Who Needs to Hear Proverbs 31 the Most?

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The ‘wife of noble character’ is rarely applied to whom it was meant to describe.

In recent years, many faithful Christian women have internalized the words of Proverbs 31, but I can’t help wondering with 17th-century Bible commentary author Matthew Henry, “This passage is to be applied to individuals, but may it not also be applied to the church of God, which is described as a virtuous spouse?” The answer historically—though not in modern interpretation—has been emphatically yes. Paul connects the dots when he writes about marriage, “This is a profound mystery—but I am talking about Christ and the church” (Eph. 5:32). If this is the profound mystery of the universe, we must rediscover the most foundational reading of Proverbs 31: Mother Wisdom’s poetic instruction to the Messianic King about his Valiant Bride.

Church, when was last time you looked into the mirror of Scripture? Do you see the beauty the King sees in you—his excellent wife? And local churches, how would our ministries shift if we began to recapture a vision of God’s people as the strong woman of Proverbs 31? It is the delight of our King in his church that ensures the gates of hell shall not prevail against us. Bishop Caesarius of Arles (c. 470–542) insists: “That valiant woman is the Church. How can she fail to be valiant, since from the beginning of the world she is troubled by such great tribulations and still is not overcome?”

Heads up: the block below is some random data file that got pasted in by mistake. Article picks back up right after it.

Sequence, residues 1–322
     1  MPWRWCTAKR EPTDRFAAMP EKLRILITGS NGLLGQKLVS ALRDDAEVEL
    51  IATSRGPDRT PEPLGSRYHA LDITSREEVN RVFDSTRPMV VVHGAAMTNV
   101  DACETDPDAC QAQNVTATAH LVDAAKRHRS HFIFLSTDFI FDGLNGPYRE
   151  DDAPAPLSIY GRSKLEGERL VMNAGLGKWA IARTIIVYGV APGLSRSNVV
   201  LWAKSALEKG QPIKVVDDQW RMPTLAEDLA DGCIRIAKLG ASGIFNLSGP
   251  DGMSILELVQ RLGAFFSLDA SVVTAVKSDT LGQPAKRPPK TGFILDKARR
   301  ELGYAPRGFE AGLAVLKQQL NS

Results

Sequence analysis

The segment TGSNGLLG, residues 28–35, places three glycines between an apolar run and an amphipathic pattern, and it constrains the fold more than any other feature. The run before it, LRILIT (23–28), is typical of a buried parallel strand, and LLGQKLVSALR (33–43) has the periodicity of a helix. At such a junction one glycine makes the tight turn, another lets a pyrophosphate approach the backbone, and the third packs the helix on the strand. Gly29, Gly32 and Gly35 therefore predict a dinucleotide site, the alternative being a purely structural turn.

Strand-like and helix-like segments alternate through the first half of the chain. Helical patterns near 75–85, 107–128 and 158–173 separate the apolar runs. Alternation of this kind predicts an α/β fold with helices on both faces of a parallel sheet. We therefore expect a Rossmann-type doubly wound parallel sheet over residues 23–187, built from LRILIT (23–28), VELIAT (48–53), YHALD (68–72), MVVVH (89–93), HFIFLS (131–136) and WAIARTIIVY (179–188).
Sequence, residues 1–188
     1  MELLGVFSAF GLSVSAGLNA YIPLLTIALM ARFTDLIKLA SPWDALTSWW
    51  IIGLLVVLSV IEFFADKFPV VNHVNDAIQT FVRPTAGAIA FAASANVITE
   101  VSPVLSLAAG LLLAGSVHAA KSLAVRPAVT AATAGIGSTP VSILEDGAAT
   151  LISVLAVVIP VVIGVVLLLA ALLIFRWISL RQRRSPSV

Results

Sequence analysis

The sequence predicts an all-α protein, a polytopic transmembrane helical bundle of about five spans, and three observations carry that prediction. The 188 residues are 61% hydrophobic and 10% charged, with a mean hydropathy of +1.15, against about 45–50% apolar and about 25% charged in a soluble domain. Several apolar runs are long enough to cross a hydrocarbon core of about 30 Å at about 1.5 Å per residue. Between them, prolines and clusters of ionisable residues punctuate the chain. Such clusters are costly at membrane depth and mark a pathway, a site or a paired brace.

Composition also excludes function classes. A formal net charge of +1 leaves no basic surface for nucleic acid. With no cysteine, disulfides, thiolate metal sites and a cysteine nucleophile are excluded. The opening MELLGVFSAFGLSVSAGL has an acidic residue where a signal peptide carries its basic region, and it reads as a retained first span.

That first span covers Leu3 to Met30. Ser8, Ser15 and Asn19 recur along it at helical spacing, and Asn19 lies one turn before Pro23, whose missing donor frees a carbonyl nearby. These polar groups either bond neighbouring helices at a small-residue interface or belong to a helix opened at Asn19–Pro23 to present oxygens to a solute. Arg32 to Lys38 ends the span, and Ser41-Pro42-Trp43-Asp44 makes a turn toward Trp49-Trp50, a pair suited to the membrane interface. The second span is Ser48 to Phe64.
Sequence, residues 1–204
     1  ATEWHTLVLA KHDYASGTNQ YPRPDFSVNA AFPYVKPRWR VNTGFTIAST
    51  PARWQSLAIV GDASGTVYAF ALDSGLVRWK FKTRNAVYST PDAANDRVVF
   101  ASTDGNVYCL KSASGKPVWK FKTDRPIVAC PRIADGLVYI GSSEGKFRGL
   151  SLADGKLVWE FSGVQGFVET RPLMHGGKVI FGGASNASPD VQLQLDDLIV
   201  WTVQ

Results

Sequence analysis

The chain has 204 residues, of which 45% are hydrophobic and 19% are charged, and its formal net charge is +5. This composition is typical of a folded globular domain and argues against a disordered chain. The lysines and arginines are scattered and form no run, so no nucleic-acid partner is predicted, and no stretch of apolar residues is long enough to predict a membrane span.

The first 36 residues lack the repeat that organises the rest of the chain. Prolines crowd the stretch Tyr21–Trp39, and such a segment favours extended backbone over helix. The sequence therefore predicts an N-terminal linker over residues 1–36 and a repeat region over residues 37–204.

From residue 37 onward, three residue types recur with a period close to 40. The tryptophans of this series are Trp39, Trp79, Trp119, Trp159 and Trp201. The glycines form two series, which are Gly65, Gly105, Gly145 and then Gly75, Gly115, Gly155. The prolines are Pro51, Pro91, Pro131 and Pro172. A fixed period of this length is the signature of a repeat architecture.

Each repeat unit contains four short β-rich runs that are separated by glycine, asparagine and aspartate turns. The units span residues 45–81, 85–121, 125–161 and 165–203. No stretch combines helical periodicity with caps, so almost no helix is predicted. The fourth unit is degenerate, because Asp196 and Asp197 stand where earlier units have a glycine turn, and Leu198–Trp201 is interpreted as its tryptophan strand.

Behold her beauty

The final 22 verses of Proverbs form an acrostic poem that was handed down to King Lemuel by his mother. Each line begins with a successive letter of the Hebrew alphabet. The woman it portrays is beautiful from A to Z; her excellence exhausts human language. German medieval philosopher and theologian Albertus Magnus …

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